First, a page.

February 18, 2011 – (Chicago, Ill.) – It’s always interesting to see how people react when one or more members of a popular band spin off another similar band. Guitarist Adam Dutkiewicz and vocalist Jesse Leach, currently and formerly of Killswitch Engage, respectively, recently released their debut album as Times of Grace, The Hymn of a Broken Man. Exactly a month following its release, the crowd at Bottom Lounge in Chicago already knew all the words.
War of Ages played first, quickly getting the floor moving with “Through the Flames” and keeping fans singing along and wagging their fingers in the air during solos on favorites “Strength Within” and “All Consuming Fire.”
Vocalist Leroy Harp encouraged the raucous pit often, getting the already packed room to clap along and open up circle pits.
Straight Line Stitch vocalist Alexis Brown immediately contrasted with Harp’s interactive style, sticking mostly to the middle of the stage and facing away from the audience, whipping her long hair around as she screamed into the mic. She moved around a little more as the crowd began to respond, but it was obvious few in the room were familiar with their songs.
The energy shot up noticeably as Leach and Dutkiewicz’s familiar faces bolted out to take their positions at the front of the stage. As the Soviet military march-esque snare and AK-47 burst guitar pattern of their opener “Strength in Numbers” sounded, the urge to headbang along was impossible to resist. If you weren’t moving you probably should’ve been quarantined because you’re likely a brain-dead zombie. But no worry, the fans next to you pushing you toward the stage and grooving to the beat would’ve quickly snapped you from your slumber anyway.
Times of Grace’s sound is hard to categorize; it’s similar to Killswitch’s metalcore at times, though it varies greatly from song to song and even within songs from slower Southern rock to harder groove metal. There were times the audience nodded along silently, transfixed, and others where the pit bordered on dangerous for everyone involved. They sang along often, producing one of the most deafening rooms I’ve ever been in. (Keep in mind, this is tour number one for ToG.)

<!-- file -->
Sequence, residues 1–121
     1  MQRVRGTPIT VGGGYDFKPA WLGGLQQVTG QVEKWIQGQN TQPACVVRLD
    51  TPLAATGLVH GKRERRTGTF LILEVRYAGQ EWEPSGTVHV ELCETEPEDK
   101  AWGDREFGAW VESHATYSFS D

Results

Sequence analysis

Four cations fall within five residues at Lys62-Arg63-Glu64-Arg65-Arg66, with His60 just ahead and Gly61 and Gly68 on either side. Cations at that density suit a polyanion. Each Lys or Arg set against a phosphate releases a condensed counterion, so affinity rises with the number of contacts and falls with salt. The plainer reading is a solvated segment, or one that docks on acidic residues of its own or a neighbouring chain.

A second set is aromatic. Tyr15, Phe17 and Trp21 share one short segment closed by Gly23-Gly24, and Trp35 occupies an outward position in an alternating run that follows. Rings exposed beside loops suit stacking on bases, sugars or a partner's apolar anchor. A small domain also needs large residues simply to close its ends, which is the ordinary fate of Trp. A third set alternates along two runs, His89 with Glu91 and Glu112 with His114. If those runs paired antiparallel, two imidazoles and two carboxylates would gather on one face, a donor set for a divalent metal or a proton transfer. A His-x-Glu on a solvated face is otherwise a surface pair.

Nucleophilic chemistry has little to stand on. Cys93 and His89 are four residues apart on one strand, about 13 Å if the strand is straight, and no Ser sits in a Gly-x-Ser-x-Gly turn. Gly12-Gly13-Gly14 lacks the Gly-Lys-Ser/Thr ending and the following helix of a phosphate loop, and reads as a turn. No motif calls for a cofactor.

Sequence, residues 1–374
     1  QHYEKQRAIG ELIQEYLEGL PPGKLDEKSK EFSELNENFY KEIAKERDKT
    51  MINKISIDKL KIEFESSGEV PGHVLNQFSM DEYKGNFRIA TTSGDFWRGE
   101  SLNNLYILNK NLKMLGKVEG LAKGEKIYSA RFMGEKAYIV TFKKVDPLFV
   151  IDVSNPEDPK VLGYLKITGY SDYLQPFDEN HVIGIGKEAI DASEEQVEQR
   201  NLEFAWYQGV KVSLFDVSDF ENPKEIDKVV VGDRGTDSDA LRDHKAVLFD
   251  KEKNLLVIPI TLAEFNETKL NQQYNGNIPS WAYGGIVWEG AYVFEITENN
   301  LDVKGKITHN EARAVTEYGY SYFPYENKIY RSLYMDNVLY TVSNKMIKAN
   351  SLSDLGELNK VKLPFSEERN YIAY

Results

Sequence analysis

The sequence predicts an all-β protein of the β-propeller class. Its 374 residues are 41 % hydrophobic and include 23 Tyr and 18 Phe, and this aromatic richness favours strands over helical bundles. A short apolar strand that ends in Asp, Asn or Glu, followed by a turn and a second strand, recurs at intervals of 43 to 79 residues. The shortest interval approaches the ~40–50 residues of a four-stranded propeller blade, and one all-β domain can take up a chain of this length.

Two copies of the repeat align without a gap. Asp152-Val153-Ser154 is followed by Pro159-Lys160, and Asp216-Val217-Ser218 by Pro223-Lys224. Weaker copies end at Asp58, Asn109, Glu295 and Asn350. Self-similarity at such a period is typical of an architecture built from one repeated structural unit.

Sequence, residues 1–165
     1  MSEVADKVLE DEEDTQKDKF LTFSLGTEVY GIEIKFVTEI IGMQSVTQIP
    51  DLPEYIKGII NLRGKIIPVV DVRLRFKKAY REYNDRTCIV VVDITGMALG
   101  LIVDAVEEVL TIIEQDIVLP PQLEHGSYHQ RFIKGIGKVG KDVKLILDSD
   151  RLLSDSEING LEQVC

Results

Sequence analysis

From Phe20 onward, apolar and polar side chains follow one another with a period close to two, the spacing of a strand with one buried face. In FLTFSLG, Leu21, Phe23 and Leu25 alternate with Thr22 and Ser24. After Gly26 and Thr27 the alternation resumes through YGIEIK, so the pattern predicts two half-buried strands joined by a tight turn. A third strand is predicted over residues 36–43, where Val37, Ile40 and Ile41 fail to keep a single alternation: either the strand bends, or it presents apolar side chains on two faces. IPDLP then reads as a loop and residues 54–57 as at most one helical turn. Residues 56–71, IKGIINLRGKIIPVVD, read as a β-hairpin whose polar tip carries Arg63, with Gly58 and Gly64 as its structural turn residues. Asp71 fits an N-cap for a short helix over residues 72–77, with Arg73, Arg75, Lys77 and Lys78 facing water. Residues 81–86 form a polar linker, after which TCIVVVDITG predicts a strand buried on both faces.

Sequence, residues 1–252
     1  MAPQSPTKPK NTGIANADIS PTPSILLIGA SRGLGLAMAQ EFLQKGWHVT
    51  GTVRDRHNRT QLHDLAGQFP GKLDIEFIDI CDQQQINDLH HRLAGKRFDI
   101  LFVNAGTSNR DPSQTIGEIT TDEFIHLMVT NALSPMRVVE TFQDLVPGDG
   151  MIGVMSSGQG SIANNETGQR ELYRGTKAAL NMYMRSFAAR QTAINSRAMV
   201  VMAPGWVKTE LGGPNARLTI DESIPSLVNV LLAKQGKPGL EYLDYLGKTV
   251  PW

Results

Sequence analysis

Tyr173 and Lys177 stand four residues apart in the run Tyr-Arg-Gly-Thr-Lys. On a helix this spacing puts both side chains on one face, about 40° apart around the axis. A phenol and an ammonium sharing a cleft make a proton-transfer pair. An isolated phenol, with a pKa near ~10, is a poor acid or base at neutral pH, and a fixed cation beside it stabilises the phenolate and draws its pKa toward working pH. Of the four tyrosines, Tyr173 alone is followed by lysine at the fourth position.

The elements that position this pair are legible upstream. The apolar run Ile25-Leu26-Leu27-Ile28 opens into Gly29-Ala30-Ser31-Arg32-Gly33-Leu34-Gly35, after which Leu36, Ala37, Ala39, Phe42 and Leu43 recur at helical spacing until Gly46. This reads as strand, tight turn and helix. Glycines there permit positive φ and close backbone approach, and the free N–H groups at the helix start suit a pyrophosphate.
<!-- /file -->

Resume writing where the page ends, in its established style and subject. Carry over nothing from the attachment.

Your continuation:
It’s well-noted that Adam D. is a captivating personality onstage. He didn’t disappoint with his pithy one-liners. But he’s also renowned for his production work, having helmed albums from Norma Jean’s Bless the Martyr and Kiss the Child to Underoath’s Define the Great Line. His technical mastery is evident in how he plays the guitar live. He alternated between a traditional six-string and a rarer seven-string, achieving impressively meaty tones as he wrenched its neck violently as if he was trying to strangle a wild animal. During “Live in Love,” he plucked his solo on the neck with the fingers of his left hand while he held his right to the sky.
The pain in the introspective lyrics showed on Leach’s face as he sang of his personal demons on “Until the End of Days.” He screamed so hard at one point that he had to double over in front of the drum kit either for effect or more likely because he’d exhaled every ounce of breath from his lungs.
If Dutkiewicz’s antics served to stir up the crowd, Leach’s weighty lyrics and genuine expressions of gratitude for the overwhelming crowd response gave their set a decidedly serious vibe. Jesse shared that he and Adam weren’t sure if they’d ever tour in support of this album so they didn’t know what to expect. Already after only three songs he said it was their best show by far, which I have a feeling will happen often as more people discover the album.
HM editor Doug Van Pelt mentioned they weren’t completely together during their set a couple weeks ago in Austin and that you could tell at times that that night was only their fourth show ever. That’s not the case anymore. On this night they were as tight as on their album, which is considerable since Adam D. recorded every instrumental part on the recording, meaning touring members Joel Stroetzel (also of KsE), Daniel Struble and Dan Gluszak were performing parts they didn’t write.
After their hour-long set and following their finale, “Where the Spirit Leads Me,” drummer Gluszak came back onstage to tear down his kit to screams for one more from the crowd, to which he mouthed, “we don’t have any more!” Even sans encore, Times of Grace put on a thoroughly satisfying performance. This likely isn’t a side project that will come around often, so see them while you can.